Facing mounting legal pressure, Massachusetts Gov. Charlie Baker announced the Bay State will soon stop enforcing pandemic-related restrictions on civic life and businesses, including those that single out religious gatherings—months ahead of Baker’s previously stated reopening deadline of Aug. 1.
Baker’s announcement came days after First Liberty Institute and the Massachusetts Family Institute filed a federal lawsuit challenging the restrictions on behalf of New Life South Coast in New Bedford, Massachusetts, and the New Civil Liberties Alliance (NCLA) asked the Supreme Court to review a state court ruling that held the Republican governor’s restrictions didn’t violate its clients’ federal constitutional rights.
The announcement also came as state and local governments across the country are easing restrictions, including mandatory mask-wearing, aimed to combat the CCP virus that causes the disease COVID-19.
“I think the state is beginning to get the message that you can’t treat churches in such a way that it makes easier to meet together as a body at Applebee’s or the AMC theater than at church,” First Liberty attorney Jeremy Dys told The Epoch Times in an interview.
“It is clear that the governor’s restrictive orders violated religious freedom,” Andrew Beckwith, president of the Massachusetts Family Institute, said in a statement. “It was patently unfair that people could congregate at a coffee shop but not at a church. This change is great news for people of faith across Massachusetts.”
Baker’s 14-month-old state of emergency and its continuing restrictions will be phased out near month’s end. All remaining restrictions and capacity limits will end May 29 and fully vaccinated individuals will no longer have to wear masks in most settings, Baker said during a May 17 press conference.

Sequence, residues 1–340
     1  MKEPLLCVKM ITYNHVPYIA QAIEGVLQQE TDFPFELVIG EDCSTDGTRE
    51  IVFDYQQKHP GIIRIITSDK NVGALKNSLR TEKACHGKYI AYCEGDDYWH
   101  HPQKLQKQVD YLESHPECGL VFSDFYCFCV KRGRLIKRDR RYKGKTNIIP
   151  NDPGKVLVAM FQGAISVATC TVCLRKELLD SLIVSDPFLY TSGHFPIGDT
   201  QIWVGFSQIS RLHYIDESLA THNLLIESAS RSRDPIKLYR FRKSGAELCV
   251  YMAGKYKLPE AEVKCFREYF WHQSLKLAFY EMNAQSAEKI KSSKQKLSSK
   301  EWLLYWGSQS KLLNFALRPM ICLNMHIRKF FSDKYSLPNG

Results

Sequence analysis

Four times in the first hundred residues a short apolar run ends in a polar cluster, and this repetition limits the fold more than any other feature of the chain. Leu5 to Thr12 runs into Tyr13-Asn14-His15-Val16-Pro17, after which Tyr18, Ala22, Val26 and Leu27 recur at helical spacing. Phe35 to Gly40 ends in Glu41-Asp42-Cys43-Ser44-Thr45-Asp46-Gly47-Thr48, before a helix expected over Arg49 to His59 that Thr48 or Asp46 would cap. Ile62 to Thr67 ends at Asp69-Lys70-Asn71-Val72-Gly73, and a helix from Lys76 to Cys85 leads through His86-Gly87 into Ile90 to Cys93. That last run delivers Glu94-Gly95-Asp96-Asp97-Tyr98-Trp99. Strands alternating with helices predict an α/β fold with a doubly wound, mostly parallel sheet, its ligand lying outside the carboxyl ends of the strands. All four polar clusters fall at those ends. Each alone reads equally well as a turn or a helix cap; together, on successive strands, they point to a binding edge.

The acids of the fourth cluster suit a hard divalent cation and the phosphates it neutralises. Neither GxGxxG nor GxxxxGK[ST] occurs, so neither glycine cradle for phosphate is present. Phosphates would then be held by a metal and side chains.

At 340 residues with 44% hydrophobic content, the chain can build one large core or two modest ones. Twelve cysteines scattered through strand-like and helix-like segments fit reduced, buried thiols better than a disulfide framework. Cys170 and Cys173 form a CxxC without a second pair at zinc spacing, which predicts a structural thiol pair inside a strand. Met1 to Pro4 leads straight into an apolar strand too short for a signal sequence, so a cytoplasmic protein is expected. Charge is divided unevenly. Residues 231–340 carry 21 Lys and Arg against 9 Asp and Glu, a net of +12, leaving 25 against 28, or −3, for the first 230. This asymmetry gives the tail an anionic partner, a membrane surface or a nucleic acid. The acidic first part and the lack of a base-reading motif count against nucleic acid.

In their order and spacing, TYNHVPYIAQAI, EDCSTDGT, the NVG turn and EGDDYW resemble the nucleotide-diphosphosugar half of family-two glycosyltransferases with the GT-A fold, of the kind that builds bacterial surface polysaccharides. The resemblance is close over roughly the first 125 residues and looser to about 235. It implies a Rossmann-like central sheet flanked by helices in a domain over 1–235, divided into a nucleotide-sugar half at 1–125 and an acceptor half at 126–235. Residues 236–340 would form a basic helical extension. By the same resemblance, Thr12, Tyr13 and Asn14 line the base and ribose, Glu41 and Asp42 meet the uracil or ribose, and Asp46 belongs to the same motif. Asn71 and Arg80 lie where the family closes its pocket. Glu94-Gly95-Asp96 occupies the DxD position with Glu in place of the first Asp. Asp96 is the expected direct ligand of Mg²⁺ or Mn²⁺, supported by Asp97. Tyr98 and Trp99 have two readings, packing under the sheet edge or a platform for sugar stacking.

All industry restrictions will be removed, and capacity limits will increase to 100 percent for all industries, Baker said, adding the limits on the size of gatherings will also be lifted.
“We said since Day 1 that we will get through this together because the people of Massachusetts are strong, kind, and willing to sacrifice to help their neighbor. Today, we know more than ever that that is the truth,” Baker said.
As of May 18, Massachusetts no longer required masks for outdoor activities, such as recess, for students in kindergarten through 12th grade and for child care settings. The state will also allow objects to be shared in classrooms. As of May 29, restrictions on youth and amateur sports will be rescinded, the governor said, and the declared state of emergency will end June 15.
Baker said the state expects to meet its goal of vaccinating 4.1 million in Massachusetts by the first week of June. “Today, Massachusetts leads the nation in vaccinations, and we are on track to meet the goal that we set for ourselves back in December.”
The NCLA filed a petition for certiorari, or review, on May 12, with the Supreme Court asking the justices to review the Massachusetts Supreme Judicial Court’s December 2020 ruling that held the governor’s restrictions didn’t violate the plaintiffs’ federal constitutional rights, as The Epoch Times previously reported.
In the case Desrosiers v. Baker, the petitioners—individuals, business people, small businesses, and churches—argue that the current restrictions on their civil liberties violate their due process rights. Baker’s capacity limitations, curfews, and other restrictions on gatherings in private homes “underscore the need for judicial oversight of executive decrees, even during a pandemic,” the NCLA stated.
The NCLA argued the Massachusetts court erred in finding that relaxed legal standards should be applied to its clients’ First Amendment freedom of assembly claims and that Baker’s restrictions could pass muster under the due process clause so long as they were reasonably related to a valid state interest. Closer judicial scrutiny is called for when “the restrictions on personal liberty are so extreme and have been imposed by order of a single executive-branch official rather than a legislature.”